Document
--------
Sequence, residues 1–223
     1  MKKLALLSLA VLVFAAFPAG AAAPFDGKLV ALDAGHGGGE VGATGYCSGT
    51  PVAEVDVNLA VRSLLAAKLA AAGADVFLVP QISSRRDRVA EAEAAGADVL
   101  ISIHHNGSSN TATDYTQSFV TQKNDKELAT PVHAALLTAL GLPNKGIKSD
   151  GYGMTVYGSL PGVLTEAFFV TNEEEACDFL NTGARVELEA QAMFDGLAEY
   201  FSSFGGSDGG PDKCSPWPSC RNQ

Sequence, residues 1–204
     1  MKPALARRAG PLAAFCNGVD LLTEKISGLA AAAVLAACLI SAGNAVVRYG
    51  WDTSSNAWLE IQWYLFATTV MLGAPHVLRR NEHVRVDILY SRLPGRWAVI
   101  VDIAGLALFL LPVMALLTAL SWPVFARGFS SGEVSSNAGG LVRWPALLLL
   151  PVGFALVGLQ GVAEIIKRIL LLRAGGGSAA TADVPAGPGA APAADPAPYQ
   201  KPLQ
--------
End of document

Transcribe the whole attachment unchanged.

Sequence, residues 1–223
     1  MKKLALLSLA VLVFAAFPAG AAAPFDGKLV ALDAGHGGGE VGATGYCSGT
    51  PVAEVDVNLA VRSLLAAKLA AAGADVFLVP QISSRRDRVA EAEAAGADVL
   101  ISIHHNGSSN TATDYTQSFV TQKNDKELAT PVHAALLTAL GLPNKGIKSD
   151  GYGMTVYGSL PGVLTEAFFV TNEEEACDFL NTGARVELEA QAMFDGLAEY
   201  FSSFGGSDGG PDKCSPWPSC RNQ

Sequence, residues 1–204
     1  MKPALARRAG PLAAFCNGVD LLTEKISGLA AAAVLAACLI SAGNAVVRYG
    51  WDTSSNAWLE IQWYLFATTV MLGAPHVLRR NEHVRVDILY SRLPGRWAVI
   101  VDIAGLALFL LPVMALLTAL SWPVFARGFS SGEVSSNAGG LVRWPALLLL
   151  PVGFALVGLQ GVAEIIKRIL LLRAGGGSAA TADVPAGPGA APAADPAPYQ
   201  KPLQ